Emergency room vs. urgent care based on a recent experience

Last updated on May 2, 2017

Our whole family got sick not too long ago with a viral stomach infection. It was a disaster as you can imagine, especially since both our three-year-old toddler and our 10-months-old baby were sick too. Getting treatment was much more complicated and time-consuming than we would have expected. It took a total of five trips to urgent care facilities, the emergency room (ER) and the pediatrician. In this article, I compare emergency room vs. urgent care, based on our recent experience.

Patient zero

The fun started with my wife waking up at 2 am because she felt nauseous. Shortly after, she began vomiting, which continued until she went to an urgent care center in the morning. Fortunately, a friend could drive her while I stayed with the kids. The urgent care center closest to our house was closed, so Kathy went to another one about 20 minutes away. At that point, we thought it could be a reaction to lactose (milk sugar) because we had pizza the night before but hadn’t had any other dairy in months. Digesting lactose requires an enzyme called lactase. Babies produce lactase to digest mother’s milk, but production usually goes down when the kids grow older. Once you have reached adulthood, you may not produce sufficient lactase and thus become lactose-intolerant.

It’s a myth that the body stops producing lactase when you stop eating food that contains lactose (such as dairy), but the doctor at the urgent care center thought that might be the case and indicated the cheese on the pizza, rather than a virus had caused my wife’s symptoms. The doctor prescribed medication for nausea and stomach cramps that helped Kathy’s symptoms to improve quickly.

The virus is spreading

Around noon, I also felt the onset of nausea and decided to take the medication Kathy had received proactively. At 4 pm I had to stop working and get some rest, and at that point, we knew that it was a virus and not anything we had eaten. Not long after, the virus went into full effect, I had the chills, and I was sick in my stomach. Fortunately, I didn’t feel like vomiting (yet). While I was lying in bed with a heating pad, feeling sorry for myself, Isabella starting complaining about a stomach ache. At 6 pm she threw up, and her condition went downhill from that point on. Only our preemie Lucas was holding up well.

The first visit to the urgent care center

Equipped with two buckets, Isabella and I got into the car and drove to the nearby Piedmont Urgent Care by WellStreet. Isabella cried the whole drive out of pain, and before we got there, she had to make good use of the bucket that she was holding. Upon arrival, we had to fill out ten pages of forms, mostly consisting of redundant information. I wasn’t sure if I felt more sick or pissed at that point but started filling out the forms while holding and attending to a crying child.

Not all Piedmont Urgent Care centers are created equal

Halfway through the forms, the lady at the check-in counter called me and said that our insurance (BlueCross BlueShield of Florida) was not accepted. Interestingly enough, the other Piedmont Urgent Care center that Kathy went to in the morning had no issues with our insurance. But after having wasted 10 minutes to drive there and 15 minutes of filling out forms, we left. Isabella was still crying like there was no tomorrow and I felt like I would have to vomit anytime soon.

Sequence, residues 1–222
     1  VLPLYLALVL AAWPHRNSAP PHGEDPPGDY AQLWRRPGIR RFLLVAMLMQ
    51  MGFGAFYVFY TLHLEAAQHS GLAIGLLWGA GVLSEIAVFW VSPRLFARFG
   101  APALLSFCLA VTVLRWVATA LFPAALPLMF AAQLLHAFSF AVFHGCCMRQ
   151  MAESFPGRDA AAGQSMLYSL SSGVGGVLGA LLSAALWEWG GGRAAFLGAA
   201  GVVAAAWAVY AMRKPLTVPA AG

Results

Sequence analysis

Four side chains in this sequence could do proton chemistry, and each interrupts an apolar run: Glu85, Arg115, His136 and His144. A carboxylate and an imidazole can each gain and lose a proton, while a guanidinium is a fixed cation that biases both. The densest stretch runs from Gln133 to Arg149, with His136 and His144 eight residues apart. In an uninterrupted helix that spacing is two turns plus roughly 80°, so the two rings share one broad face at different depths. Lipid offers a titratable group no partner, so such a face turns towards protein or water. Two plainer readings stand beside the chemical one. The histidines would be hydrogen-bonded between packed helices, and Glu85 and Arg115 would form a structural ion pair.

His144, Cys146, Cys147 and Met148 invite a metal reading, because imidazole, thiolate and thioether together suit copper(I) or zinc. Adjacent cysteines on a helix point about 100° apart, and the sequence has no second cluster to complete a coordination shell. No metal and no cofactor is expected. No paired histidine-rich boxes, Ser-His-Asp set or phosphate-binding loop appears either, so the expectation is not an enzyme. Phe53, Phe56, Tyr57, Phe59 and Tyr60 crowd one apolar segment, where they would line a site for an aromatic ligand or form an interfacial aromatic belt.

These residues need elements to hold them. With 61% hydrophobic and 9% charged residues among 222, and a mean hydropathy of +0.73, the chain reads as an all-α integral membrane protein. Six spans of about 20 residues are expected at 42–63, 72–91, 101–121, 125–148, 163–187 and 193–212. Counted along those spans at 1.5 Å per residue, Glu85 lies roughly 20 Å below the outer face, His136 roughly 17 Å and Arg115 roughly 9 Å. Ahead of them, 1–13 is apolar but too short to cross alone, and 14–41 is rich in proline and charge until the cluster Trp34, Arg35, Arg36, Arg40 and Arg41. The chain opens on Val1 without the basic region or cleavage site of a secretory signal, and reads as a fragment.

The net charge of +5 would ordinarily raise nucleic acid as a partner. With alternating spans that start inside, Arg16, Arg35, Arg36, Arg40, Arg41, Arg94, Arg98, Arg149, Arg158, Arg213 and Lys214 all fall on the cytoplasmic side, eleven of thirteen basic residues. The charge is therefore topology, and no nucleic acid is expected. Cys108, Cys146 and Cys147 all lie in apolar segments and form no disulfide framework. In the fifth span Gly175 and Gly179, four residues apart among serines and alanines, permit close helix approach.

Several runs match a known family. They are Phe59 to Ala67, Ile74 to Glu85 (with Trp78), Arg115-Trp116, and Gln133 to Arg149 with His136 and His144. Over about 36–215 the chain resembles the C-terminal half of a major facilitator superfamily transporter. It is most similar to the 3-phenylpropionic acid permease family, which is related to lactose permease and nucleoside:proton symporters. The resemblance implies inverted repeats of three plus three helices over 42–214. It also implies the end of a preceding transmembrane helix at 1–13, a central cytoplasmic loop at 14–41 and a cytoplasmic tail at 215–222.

Back in the car, I called Kathy to tell her that we would be driving to the same urgent care center she went to in the morning. But she asked me if we could pick Lucas and her up because he started vomiting as well. Being a baby and a preemie we didn’t want to risk for him to get dehydrated, so we decided to go to the ER of North Fulton Hospital. We figured we would get quicker help there than at an urgent care center that had only one doctor on staff.

Primary care vs. Urgent care vs. Emergency room

You have to be patient at the ER

I knew that unless you get admitted to the ER by an ambulance, you will have to wait. But I was hoping that a vomiting infant and a crying toddler would give us a bump in priority. I felt like trash and didn’t know how to sit. My face, arms, and hands were tingling, and I was counting the seconds until we would get admitted. After 45 minutes I was sick of counting (pun intended), and when they told us it shouldn’t be much longer than 20 minutes, we packed our buckets filled with vomit and left.

Back to the urgent care center

We decided to go back to the urgent care center that Kathy went to in the morning. They understood that the three of us weren’t feeling well and admitted us immediately. While the nurse started taking our vitals, Kathy filled out the necessary forms. Isabella and I got prescriptions for the same medication Kathy got earlier that day, but the doctor claimed that Lucas’s weight was too little for him to get any anti-nausea medication. That turned out to be an incorrect assessment, as the next day, our pediatrician prescribed him the same drug.